Why the Plural of Anecdote is not Data

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A common theme when I see bad science on the TV or internet is the personal testimony pitch - for me, this holds about as much water as a bucket with no bottom, but not everyone knows why anecdotes do not count as evidence. When talking to people about alternative medicine or psychics, I always get told “but it worked for me, how can you explain that?” It can be explained very easily actually - if I went around to a large enough number of people and gave them a vague Barnum statement, or asked them to pick a card and showed them all the same card, a few would guess correctly, and for those people magic has just happened, and they will go and tell their friends about a miraculous handsome man who did the impossible. That is exactly what alternative medicine quacks and psychics do; take credit for an event that is bound to happen eventually if enough chances are given.

No one is perfect, and there are flaws in how we think.  We are very subjective in our thinking, like how we assume that if one thing happens after another, then the first thing caused the second thing to happen (post hoc ergo propter hoc). We take a pill with no active ingredients and our headache goes away, so we assume it must be the pill.  Though actually, the headache probably just subsided after reaching it’s worst point, and we were going to return to our normal state (regress to the mean).  To regress to the mean is just our cycle of health and sickness, for most of us we spend most of our time well, occasionally becoming unwell, then regressing to the mean.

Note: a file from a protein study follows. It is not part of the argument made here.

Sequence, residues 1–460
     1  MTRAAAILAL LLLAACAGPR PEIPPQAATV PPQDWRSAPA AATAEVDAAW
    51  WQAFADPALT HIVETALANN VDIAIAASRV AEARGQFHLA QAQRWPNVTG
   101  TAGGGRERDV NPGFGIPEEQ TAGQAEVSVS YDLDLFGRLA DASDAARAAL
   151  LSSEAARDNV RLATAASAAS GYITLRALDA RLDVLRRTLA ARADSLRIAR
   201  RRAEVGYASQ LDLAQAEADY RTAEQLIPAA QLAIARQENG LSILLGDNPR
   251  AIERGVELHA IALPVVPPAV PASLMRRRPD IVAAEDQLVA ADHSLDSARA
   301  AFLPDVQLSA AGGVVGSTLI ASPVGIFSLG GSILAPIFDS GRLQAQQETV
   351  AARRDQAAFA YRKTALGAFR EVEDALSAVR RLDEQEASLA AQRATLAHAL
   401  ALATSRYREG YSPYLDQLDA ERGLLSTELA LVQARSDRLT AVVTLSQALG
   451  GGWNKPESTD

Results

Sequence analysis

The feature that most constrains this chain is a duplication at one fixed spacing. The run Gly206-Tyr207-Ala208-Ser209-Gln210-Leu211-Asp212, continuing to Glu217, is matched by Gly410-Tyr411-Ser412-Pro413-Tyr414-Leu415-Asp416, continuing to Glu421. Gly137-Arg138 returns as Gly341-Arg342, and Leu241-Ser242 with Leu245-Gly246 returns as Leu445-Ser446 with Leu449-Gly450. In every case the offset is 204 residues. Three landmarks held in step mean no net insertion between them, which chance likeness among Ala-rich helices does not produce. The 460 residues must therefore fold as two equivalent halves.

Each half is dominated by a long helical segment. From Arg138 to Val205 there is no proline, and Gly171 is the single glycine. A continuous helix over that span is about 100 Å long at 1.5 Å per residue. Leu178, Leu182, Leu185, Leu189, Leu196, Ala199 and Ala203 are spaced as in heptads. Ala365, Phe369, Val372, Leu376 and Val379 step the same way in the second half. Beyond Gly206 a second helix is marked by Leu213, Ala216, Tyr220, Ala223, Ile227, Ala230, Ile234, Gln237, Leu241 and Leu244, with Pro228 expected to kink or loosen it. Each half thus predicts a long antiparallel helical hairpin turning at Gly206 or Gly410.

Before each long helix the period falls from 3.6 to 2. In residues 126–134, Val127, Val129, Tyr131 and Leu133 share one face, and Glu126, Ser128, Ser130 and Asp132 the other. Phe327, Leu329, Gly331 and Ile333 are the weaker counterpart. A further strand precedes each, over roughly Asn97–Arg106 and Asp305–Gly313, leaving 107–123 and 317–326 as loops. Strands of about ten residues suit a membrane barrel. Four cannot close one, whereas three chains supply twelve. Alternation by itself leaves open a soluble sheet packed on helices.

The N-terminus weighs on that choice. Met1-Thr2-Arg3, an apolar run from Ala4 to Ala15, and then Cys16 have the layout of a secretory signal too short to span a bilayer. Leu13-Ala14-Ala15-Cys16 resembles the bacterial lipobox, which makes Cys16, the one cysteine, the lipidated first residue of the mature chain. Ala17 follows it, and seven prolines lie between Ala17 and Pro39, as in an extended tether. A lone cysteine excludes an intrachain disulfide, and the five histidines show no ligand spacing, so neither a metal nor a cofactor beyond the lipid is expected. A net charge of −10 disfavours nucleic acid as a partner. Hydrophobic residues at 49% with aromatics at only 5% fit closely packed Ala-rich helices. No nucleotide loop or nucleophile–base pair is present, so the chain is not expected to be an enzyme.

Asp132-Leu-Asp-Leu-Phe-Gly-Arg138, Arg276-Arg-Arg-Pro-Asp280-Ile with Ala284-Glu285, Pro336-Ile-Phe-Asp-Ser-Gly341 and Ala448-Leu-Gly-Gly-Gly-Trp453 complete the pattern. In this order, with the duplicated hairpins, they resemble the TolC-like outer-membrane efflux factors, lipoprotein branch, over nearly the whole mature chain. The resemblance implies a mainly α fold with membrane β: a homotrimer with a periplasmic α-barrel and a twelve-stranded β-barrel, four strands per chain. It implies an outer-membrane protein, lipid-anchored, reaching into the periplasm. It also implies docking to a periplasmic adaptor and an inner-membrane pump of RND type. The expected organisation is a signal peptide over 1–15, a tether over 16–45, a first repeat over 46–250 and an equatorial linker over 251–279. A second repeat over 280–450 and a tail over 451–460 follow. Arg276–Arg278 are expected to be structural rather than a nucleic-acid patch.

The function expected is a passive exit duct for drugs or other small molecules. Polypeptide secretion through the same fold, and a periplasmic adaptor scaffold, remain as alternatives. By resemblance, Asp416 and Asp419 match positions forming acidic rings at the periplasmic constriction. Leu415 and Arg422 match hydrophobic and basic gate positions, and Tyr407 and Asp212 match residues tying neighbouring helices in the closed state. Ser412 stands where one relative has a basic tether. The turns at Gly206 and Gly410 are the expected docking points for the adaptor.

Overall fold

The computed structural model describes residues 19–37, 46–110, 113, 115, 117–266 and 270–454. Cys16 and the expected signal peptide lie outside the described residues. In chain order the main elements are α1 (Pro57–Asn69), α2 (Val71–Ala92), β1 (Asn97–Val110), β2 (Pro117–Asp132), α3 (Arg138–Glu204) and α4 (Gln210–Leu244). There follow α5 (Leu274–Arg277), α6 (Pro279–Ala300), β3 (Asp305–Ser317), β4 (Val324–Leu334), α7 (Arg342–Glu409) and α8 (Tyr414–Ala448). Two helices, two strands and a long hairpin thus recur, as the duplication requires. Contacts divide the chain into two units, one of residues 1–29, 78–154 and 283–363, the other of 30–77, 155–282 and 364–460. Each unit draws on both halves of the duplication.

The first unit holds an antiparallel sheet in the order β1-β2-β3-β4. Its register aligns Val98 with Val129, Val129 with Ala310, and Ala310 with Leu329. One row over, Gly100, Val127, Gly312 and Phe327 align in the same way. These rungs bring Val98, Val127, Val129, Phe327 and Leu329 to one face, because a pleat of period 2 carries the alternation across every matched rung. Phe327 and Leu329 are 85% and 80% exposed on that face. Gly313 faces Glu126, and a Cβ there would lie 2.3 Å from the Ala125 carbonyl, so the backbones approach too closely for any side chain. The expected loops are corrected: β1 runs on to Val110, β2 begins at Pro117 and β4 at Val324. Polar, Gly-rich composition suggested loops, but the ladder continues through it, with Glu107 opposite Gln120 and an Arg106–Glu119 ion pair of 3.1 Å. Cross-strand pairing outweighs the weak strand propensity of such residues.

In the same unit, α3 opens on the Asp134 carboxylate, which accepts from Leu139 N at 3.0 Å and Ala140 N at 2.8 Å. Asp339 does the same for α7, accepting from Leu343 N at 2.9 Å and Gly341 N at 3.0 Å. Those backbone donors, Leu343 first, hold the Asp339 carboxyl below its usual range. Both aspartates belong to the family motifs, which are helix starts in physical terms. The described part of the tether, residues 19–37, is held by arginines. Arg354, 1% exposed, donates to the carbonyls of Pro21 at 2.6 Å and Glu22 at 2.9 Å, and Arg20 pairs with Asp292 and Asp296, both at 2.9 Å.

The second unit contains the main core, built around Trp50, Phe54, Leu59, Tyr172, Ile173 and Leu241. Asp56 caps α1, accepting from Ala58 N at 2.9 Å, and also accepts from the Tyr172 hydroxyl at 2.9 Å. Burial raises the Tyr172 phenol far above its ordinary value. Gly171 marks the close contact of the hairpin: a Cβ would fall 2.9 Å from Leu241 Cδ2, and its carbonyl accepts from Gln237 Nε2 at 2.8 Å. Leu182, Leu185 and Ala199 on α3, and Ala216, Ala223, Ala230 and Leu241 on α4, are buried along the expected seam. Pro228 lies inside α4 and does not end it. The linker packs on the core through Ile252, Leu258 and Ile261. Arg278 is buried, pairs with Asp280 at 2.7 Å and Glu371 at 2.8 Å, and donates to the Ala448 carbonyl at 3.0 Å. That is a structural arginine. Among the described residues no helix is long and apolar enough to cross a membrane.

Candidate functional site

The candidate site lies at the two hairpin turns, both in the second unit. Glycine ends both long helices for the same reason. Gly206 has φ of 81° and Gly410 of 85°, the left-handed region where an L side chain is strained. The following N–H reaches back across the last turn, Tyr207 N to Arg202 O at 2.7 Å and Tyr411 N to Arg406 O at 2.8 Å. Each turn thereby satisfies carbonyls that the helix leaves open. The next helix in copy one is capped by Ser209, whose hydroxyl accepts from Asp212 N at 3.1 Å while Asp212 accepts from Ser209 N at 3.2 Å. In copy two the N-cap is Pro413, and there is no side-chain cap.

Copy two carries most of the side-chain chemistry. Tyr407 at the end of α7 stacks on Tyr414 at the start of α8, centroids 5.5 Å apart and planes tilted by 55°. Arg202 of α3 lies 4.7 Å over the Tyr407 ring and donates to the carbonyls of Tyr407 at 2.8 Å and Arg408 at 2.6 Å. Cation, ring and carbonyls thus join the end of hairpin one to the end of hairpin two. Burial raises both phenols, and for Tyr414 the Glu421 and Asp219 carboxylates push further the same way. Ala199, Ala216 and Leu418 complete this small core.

Another example of post hoc ergo propter hoc is when a child gets an injection and shortly afterwards the child is diagnosed with a developmental problem – we assume it must be the injection that has caused this.  We also have confirmation bias in this example because such large groups of people expect something to happen after the injection that they see each case that arises as proof of their expectation, whilst ignoring when it does not happen or when it happens without the injection.

We also suffer badly from conformation bias, we remember the times that something has worked, like if the psychic says “I see a journey and a mysterious man” and we respond “yeah, I just came back from holiday” – ignoring the part about the ‘mysterious man’.  When we expect something to work, we see it working; our belief that something is working can actually cause us to have a physical response, which is the placebo effect. The placebo effect, conformation bias, regress to the mean and post hoc ergo propter hoc are the foundations of an anecdote and the tools of the quack and the psychic.